Justice Dept has refused to prosecute $300 million in fraud connected to Romney's Bain entity in the eToys, Stage and KB Bankruptcy cases. Now it is discovered that the US Attorney in Delaware was a partner at MNAT law firm in 2001 when the fraud and perjury was ongoing. you can see our online affidavits at or email us at for any proof you desire. All items are court docket records and this letter was sent to His Honor Mukasey as the new Attorney General December 31, 2007 His Honor Michael B. Mukasey U S Attorney General Department of Justice 950 Pennsylvania Avenue, NW Washington, DC 20530-0001 Dear Attorney General; This letter is to inform you of the many complaints against fraud and corruption within the Dept of Justice, specifically related to the Federal Bankruptcy issues in Delaware. The Director of the EOUST replaced the Region 3 US Trustee, Roberta DeAngelis on Dec. 22, 2004 as Trustee over Wilmington DE. We had direct correspondence with Mr. Lawrence Friedman who assured us that the matter would be handled. On Feb 15, 2005 the Asst US Trustee Frank Perch then did place in a Motion to Disgorge Traub Bonacquist & Fox (TBF), for $1.6 million. This is attached with this letter as “Exhibit 1” (D.I. 2195). The Asst US Trustee has testified, multiple times, that he had discussions with the officers of the courts in the eToys bankruptcy case (Del 01-706), as he specifically warned TBF and the Debtors counsel, Morris Nichols Arsht & Tunnel (MNAT), against breaking the law of § 327(a) and Rule 2014 of the bankruptcy statutes. Despite this warning the Law firm of MNAT and TBF, along with other parties did draft a Hiring Letter for Barry Gold (a direct paid associate of TBF [confessed]). This Hiring Letter was kept hidden, in a clandestine manner, as it directly ignored the caution of Frank Perch as Asst US Trustee. The Hiring Letter is already in the court docket record of eToys as docket item 2169 and is attached here as “Exhibit 2”. It specifically gives Barry Gold, under the “guise” that he is arms length, permission to Circumvent the Code and the Court. While it proves, conclusively, Scheme to Fix Fees (18 USC 155 Janet Reno Reform Act of 1994), it becomes a full blown “conspiracy” to perpetrate “fraud on the court” by “officers of the court” as they were [fore]warned and then did the subterfuge in a “collaborative” manner. Less than ten (10) days after we were told by Director Friedman that the matter would be handled, the attorney for the “new” US Trustee, Kelly B Stapleton, then did sign a letter giving implied clemency to the admitted acts of perjury and fraud. The Stipulation to Settle is eToys docket item 2201 and is attached here as “Exhibit 3”. It contains the following [obvious] illegal clause, “WHEREAS the United States Trustee shall not seek to compel TBF to make additional disclosures; “ Then, documenting that the clemency is totally erroneous and destroyed any “sufficient deterrent” value, Paul Traub of TBF then perpetrated another $100 million fraud in the KB Toys bankruptcy case in Delaware. (04-10120) Where Mark Kenney stepped up to the plate and defended the fraud and obstructed justice by asking the Court to strike and expunge us. (KB Toys D.I. 2228). This is attached as “Exhibit 4”. Immediately thereafter Asst US Trustee Frank Perch and Lawrence Friedman resigned from their office. Other resignations connected to this case include Debra Yang of the Corp Fraud Task Force, Ellen Slights as AUSA in Delaware, Gordon Robinson of the SEC Bankruptcy Fraud Division and your predecessor, Alberto Gonzales, who we informed, right prior to his resignation, about knowledge of his complicity in promoting the removed Roberta DeAngelis to the post of General Counsel of the Dept of Justice EOUST office. DeAngelis and Kenney are now involved, in the criminal conspiracy, asking the 3rd Circuit Court, (case 07-2360) to dismiss the case, while they defend their efforts to give clemency to the fraud and perjury. Finally, just a few weeks back, we placed in the Public Record out here in California, the newly discovered evidence that the US Attorney office in Delaware, Colm F Connolly, whose office has refused to prosecute the affair, is also guilty of bad faith acts and non disclosure. Colm F Connolly was a partner with the MNAT law firm in 2001 when the fraud and perjury began. Over $300 million, all Court Docket record proofs, of fraud has occurred that benefited Bain. The US Sup Ct decision In re Hazel Atlas Glass (1944) has been affirmed by the 3rd Circuit and states, specifically, that there is no statute of limitation of Fraud on the Court by “officers of the Court”. We have also attached a copy of the clocked item given to the US Attorney’s office in California. This mess and corruption of the Dept of Justice is most certainly a rogue element, not of your making. We hope and pray that you will not resign, as the others have, who have chose discretion rather than valor. We seek the American spirit of Truth and Justice. Hoping, earnestly, that you are the person who will stand tall against corruption. Testified to you this day “Under penalty of perjury” Steven Haas (a/k/a Laser) 100% owner Collateral Logistics Court approved consultants of eToys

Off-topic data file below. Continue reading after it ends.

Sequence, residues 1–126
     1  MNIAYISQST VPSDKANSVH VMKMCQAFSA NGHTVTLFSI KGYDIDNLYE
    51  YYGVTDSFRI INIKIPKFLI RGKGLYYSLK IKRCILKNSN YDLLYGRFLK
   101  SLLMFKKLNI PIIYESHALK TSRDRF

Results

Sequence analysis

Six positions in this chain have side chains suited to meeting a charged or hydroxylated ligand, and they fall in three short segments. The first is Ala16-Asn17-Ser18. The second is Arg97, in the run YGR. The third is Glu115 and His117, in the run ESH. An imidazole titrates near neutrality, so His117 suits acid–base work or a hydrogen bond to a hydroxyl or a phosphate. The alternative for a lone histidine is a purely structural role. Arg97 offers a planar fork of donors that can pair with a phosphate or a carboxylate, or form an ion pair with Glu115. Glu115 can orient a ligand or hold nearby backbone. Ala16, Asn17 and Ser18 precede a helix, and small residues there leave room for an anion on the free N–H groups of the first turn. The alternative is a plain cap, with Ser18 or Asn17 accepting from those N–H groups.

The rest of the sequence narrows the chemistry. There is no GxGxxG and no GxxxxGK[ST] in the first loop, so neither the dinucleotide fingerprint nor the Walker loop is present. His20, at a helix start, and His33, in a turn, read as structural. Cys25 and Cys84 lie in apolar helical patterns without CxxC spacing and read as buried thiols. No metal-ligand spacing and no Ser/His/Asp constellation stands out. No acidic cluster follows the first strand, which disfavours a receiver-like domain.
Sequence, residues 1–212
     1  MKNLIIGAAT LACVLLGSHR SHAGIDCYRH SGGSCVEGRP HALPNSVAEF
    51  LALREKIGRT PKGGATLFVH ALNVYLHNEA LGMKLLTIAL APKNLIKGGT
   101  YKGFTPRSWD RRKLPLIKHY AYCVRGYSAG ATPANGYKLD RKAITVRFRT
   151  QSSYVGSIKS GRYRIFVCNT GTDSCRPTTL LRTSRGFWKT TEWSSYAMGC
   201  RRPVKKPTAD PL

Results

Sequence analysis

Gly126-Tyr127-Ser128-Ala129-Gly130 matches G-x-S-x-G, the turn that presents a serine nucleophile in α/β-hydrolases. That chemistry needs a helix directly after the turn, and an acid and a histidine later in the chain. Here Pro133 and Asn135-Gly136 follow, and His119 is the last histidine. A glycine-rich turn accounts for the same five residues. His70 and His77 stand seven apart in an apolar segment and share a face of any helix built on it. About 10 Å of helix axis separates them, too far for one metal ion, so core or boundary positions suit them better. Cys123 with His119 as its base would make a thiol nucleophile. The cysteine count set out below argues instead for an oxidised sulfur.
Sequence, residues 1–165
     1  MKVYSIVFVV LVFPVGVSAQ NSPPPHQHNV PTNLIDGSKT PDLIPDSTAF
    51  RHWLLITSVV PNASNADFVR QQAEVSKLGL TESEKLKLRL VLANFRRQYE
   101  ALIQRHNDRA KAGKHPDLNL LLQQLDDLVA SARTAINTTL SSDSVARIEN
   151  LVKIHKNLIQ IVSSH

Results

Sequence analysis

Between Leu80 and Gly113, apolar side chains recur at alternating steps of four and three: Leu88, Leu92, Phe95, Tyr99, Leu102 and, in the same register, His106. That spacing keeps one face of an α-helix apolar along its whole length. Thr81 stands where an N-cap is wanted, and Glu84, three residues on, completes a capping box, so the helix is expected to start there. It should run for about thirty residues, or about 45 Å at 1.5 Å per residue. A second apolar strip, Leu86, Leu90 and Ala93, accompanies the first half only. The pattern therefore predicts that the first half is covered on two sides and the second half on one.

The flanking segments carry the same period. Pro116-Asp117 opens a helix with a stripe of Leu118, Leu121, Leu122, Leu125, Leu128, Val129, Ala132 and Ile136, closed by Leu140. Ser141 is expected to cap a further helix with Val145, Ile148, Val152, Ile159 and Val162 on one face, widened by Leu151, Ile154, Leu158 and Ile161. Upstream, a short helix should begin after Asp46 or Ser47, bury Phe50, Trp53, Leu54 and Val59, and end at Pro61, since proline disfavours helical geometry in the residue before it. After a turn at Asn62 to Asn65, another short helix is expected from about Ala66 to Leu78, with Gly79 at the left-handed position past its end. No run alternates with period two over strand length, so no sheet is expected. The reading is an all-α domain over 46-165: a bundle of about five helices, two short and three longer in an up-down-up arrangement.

By laserhaas on 01/01/2008 at 2:04:47